Indian Supreme Court announces end to iron ore mining ban in Goa

Iron ore mining will recommence in the Indian state of Goa after the Supreme Court of India lifted a 19 month ban on Monday.

The court has imposed a 20 million tonne cap on extraction of the resource, as a panel of experts appointed by the court said in March that Goa can sustain the extraction of 27.5 million tonnes of iron ore each year, but suggested 20 million as the permissible limit.

The Supreme Court of India introduced the moratorium on iron ore mining to combat illegal ore extraction in the area, as well as the tax evasion and pollution involved.

Federation of Indian Minerals Industry secretary general R KSharma said the move will revive economic activity in the coastal state.

“This will bring the mining industry back to Goa,” he said.

“It will create employment and boost the economic activity.”

Industry analysts in India have said that although this is a positive move for the iron ore sector and the local economy, it will be months before mining will resume, due to several factors including the monsoon season which ends in September.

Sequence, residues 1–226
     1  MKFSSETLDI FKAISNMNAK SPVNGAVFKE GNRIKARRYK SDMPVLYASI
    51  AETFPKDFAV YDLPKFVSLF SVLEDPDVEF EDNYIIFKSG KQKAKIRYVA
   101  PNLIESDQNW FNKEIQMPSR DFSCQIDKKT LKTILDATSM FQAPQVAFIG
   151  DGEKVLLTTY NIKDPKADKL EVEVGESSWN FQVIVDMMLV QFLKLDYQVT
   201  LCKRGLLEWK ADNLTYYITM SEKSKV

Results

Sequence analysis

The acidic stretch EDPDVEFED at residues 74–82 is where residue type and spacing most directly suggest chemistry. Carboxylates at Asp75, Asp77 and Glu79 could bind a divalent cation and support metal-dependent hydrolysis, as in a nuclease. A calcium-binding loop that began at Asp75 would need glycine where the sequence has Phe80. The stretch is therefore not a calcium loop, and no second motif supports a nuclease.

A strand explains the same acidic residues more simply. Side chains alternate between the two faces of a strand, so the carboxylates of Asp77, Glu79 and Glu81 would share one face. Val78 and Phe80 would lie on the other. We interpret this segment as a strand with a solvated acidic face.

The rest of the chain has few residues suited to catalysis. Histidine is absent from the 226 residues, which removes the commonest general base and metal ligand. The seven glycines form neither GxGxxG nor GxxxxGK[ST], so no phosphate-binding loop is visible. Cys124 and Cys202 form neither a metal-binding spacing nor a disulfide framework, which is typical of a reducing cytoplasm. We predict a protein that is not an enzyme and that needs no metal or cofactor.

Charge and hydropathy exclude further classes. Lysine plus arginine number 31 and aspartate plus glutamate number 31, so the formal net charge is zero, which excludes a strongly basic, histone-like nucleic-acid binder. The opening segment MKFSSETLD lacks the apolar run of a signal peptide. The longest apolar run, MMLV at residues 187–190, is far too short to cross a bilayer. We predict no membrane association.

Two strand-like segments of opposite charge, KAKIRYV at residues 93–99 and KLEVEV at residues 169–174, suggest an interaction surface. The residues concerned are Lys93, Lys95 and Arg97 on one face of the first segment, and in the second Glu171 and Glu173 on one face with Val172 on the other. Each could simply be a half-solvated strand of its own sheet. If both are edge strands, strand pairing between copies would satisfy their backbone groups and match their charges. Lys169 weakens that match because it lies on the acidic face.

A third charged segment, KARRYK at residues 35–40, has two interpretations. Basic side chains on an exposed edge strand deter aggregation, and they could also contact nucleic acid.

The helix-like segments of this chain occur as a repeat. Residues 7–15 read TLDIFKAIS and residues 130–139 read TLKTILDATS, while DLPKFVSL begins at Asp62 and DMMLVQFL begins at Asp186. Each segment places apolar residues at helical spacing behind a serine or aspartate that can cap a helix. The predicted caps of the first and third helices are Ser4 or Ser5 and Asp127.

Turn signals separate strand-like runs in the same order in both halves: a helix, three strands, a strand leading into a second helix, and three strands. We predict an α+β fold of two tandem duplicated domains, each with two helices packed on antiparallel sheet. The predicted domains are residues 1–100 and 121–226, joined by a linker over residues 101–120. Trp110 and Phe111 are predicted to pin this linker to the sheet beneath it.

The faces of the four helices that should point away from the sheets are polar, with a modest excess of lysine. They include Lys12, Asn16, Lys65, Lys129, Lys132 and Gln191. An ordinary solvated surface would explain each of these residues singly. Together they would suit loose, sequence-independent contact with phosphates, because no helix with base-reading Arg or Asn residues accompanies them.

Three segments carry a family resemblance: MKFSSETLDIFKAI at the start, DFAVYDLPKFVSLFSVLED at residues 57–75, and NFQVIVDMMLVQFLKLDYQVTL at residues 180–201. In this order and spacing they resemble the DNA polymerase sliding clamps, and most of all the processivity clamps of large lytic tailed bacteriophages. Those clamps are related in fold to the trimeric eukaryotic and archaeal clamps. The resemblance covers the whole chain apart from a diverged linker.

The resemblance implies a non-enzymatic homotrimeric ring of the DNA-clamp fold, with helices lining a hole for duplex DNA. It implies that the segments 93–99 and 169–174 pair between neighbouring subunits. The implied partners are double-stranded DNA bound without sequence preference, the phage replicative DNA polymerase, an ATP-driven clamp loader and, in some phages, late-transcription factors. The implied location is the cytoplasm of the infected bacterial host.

India Infoline metals and mining analyst Tarang Bhanushalisaid it will take around three to six months for local authorities to establishan agreement about the outputs for each mine.

On the production cap, Bahanushali said that the 20 million tonne limit has been set to extend mine life, to keep the mines operational for the next 20-25 years.

The additional supply from Goa to world markets will increase the expected surplus of iron ore from Rio Tinto, BHP Billiton and Vale, in the face of slackening demand in China.

Prior to the ban India was the third largest exporter of iron ore in the world, and since has slipped to tenth place.

Analysts have suggested that economic concerns of oversupply and falling demand, as well as new government controls in China to reduce industrial pollution, mean that China may not be as eager as it was in the past to buy the lower quality iron ore from India.

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